Enlistment and first campaigns
Faulkner was born on June 9th, 1921 in Kentucky. At 17 (1938), he enlisted in the Army at Fort Thomas, and was assigned to Item company, 10th Infantry Division. In 1940, he is transferred to Fort Bragg and is affected to Fox Company, 39th Infantry Regiment as a rifle squad leader. Soon, he earned the function of platoon sergeant. He is then transferred at Easy Company because of some trouble he went into with sailors in a pub.
Faulkner (left) and Joe M. Barnett (right)
When in England, his regiment practised amphibious operations against the Scottish Black Watch division, and then boarded the USS Thomas Stone to reach the coasts of North-Africa, in 1942. On November 7th, he received his baptism of fire, even if the troops would land one day later only: a German submarine torpedo went into his ship. Hopefully, most of the people involved survived, and soon found themselves on the paths of war.
The 2nd Battalion made his first major battle in El Guettar, against the notorious Afrika Korps, commanded by the famous General Rommel. At that time, Faulkner was the Easy Company, 3rd platoon sergeant. The enemy was clearly superior to the Americans that were inexperienced. U.S. troops were slaughtered. His 3rd platoon, commanded by Lieutenant Russel Snellind, was down to 1-14 men. Of the five officers in his company, only Snelling survived without a scratch. Faulkner was hit in the hand from a piece of shrapnel. After only four days, he came back to his platoon, and fought later on in Kasserine pass. After came Sicily, and the hill 1029 in the vicinity of Troina.
After Africa and Sicily, the division came into England to prepare the Invasion of France. Technical-Sergeant Faulkner, still platoon sergeant of the 3rd platoon, same company, landed on Utah Beach on June 10th, 1944, and drove into Normandy and the Cotentin Peninsula towards Cherbourg, that the regiment seized. His platoon was cleaning the bunker where the last Germans were hiding. During its mission, Faulkner’s platoon captured Lieutenant-General Karl Von Schlieben, commander of the German forces that were holding the Cherbourg peninsula, and his staff including Rear Admiral Hennecke. They captured the first German General and flag on the European continent.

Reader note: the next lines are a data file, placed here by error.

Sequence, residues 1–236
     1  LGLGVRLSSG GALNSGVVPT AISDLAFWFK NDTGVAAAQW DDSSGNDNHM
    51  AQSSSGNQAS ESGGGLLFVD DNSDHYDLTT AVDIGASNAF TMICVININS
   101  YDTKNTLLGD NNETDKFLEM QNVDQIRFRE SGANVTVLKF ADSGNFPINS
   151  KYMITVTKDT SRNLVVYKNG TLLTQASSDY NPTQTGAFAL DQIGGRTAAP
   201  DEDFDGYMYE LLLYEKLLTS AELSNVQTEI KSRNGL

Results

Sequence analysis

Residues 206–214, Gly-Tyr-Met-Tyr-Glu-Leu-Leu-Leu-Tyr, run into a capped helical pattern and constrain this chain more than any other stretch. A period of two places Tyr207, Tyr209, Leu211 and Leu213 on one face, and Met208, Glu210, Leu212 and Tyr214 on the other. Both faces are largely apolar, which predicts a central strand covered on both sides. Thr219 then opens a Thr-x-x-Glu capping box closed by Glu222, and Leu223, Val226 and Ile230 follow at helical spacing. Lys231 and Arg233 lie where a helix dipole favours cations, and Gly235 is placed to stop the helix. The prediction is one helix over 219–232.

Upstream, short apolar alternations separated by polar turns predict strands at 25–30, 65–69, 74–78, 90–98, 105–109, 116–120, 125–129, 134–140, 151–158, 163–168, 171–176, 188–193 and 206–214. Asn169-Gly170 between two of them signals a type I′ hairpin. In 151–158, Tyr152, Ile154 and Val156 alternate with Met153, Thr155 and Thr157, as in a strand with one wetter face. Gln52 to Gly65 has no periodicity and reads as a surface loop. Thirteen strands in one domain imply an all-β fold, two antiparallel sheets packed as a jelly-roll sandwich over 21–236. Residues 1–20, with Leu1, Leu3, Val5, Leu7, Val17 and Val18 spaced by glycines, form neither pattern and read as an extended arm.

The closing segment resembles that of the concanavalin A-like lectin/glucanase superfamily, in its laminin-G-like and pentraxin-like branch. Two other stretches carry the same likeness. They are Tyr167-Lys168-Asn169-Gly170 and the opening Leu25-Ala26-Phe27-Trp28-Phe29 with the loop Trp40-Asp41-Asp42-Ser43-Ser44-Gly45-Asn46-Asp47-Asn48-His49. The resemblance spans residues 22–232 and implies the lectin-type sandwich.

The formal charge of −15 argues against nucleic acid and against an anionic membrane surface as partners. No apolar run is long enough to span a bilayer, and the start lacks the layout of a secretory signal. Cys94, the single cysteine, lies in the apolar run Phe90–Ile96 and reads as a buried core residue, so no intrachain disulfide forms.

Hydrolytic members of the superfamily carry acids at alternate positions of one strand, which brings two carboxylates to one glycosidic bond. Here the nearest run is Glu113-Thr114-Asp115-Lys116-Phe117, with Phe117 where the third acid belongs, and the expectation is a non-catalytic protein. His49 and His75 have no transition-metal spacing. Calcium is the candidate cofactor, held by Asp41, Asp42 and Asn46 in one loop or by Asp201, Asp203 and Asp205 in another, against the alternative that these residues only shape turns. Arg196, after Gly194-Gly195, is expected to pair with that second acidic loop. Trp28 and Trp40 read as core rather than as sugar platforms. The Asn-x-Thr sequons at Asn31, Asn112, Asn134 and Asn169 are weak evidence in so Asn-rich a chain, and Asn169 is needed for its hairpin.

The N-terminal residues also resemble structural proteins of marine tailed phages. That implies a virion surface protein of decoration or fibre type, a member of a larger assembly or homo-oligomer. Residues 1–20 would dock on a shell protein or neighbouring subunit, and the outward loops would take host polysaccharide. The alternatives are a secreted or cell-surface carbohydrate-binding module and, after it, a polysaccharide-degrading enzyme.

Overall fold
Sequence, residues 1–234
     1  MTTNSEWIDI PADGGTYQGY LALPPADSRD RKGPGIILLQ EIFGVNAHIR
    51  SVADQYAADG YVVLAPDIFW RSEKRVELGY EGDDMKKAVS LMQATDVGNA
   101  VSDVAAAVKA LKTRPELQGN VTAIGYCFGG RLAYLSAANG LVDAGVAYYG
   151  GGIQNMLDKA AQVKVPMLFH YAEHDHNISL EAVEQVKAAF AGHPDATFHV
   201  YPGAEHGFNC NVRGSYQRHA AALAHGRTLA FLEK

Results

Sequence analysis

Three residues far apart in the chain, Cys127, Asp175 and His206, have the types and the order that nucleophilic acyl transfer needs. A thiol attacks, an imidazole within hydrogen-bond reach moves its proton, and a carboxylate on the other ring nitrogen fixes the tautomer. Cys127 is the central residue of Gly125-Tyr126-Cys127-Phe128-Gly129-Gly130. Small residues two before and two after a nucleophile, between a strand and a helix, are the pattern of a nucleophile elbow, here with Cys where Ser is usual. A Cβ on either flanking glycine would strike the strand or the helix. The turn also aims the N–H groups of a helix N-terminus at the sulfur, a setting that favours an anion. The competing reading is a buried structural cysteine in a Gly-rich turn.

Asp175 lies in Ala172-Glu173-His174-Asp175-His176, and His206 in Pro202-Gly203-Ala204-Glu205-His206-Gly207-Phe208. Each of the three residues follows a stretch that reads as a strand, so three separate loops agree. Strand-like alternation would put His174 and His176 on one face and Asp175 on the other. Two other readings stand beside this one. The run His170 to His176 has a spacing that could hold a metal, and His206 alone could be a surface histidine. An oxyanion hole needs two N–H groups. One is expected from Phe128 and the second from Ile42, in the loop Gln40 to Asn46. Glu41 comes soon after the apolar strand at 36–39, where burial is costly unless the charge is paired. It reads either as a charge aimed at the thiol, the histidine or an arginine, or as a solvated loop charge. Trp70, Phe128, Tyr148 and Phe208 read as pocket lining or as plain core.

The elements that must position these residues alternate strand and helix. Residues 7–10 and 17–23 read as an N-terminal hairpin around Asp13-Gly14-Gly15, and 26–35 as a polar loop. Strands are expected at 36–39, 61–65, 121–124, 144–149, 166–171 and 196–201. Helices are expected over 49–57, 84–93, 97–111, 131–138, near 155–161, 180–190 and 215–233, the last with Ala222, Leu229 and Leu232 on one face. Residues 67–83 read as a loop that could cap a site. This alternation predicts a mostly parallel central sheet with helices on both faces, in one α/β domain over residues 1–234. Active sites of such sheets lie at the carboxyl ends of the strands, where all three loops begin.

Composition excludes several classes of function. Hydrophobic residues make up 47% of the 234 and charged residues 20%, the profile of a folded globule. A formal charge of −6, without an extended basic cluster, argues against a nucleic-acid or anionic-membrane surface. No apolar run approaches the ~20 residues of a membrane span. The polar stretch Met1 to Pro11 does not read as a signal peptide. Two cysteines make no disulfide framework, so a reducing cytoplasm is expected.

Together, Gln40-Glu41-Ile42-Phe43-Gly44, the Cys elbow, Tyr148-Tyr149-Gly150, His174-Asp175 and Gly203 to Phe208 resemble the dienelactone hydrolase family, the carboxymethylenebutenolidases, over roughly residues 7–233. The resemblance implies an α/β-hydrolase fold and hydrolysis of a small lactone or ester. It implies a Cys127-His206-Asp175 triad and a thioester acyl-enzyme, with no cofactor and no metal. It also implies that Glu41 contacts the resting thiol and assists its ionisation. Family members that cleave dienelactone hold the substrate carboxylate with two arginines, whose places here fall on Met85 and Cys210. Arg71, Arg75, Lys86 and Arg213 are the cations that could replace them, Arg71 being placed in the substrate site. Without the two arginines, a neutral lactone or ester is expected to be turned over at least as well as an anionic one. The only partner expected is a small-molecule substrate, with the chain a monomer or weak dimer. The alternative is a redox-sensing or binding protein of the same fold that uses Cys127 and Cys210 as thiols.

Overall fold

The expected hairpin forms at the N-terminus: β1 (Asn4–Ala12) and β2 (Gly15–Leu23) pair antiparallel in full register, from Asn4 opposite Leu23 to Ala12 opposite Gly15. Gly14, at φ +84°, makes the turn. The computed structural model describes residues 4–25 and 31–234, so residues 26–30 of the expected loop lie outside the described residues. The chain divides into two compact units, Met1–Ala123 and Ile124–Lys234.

Surrender of Von Schlieben and Hennecke on 26 June 1944, coming out of their bunker to surrender to Faulkner’s men.
After Cherbourg fall, the battle of hedgerows came up, some of the hardest fighting of the War in ETO. Faulkner took part in the fights near Le Désert, running back a German desperate armored counter-attack. Then the Allied breakthrough in Saint-Lô and the race began across France and Belgium to reach the German border. The 2nd Battalion earned the Distinguished Unit Citation during the fights near Le Désert, and Faulkner was awarded a second Silver Star.
On 13 July 1944, after the Panzer Lehr attack on the American bridgehead at Saint Fromond on 11 July, the Panther belonged to a 1. Kompanie. One of the tankers burnt while trying to escape from the burning tank, his body, arm outstretched, is near the turret on top of the tank. This Panther auf A was destroyed by a hit from a TD M10 of the 899th Tank Destroyer Bn, supporting the 9th Inf.Div. at La Caplainerie north of Le Dézert (6 km south-west of Saint Fromond).
In Belgium, he was promoted to first-sergeant, by his company commander, Captain Kenneth Hill. Faulkner led Easy Company as Topkick through the wet and cold battles that followed, in the Hurtgen and Ardennes forests, across the Roer River to the Rhine at Remagen and on to the Elbe River and the end of War in Europe.
An Incredible Hero
During his 33 months of fighting, training, enduring the desert, mountains, valleys, storms, rain, snow, ice, etc., that incredible soldier from a coal miner’s family survived and lived to tell about his experiences. During these combat on two continents, he was awarded 2 Purple Hearts, 2 Silver Stars, 2 Bronze Stars with Valor, the Combat Infantryman Badge, French and Belgian Croix de Guerre and the European, African and Middle Easy medal with 8 Battle Stars. He even managed to be awarded the Good Conduct Medal, even with his troubling behavior.
As if it wasn’t enough for this hero, he volunteered again during the Korean War, assigned to Easy Company, 279th Infantry Regiment, 45th Infantry Division, Korea where he lost an eye. In addition to his military awards, he received also several combat decorations from both US and Korean government.
He retired in 1962 from the Army, after 22 years of service. He worked in Hughes Aircraft Company in California and retired in 1990. He and his wife lived in Simi Valley, had two children: Lee and Kelly. He passed away on August 14th, 2014, and was buried in Arlington Cemetery on October 2nd, 2014, with military honors.
His incredible service and dedication to his men and his nation must inspire today’s generations. He definitely exemplify what is a Hero.
Adapted from « The Legacy of the Purple Heart »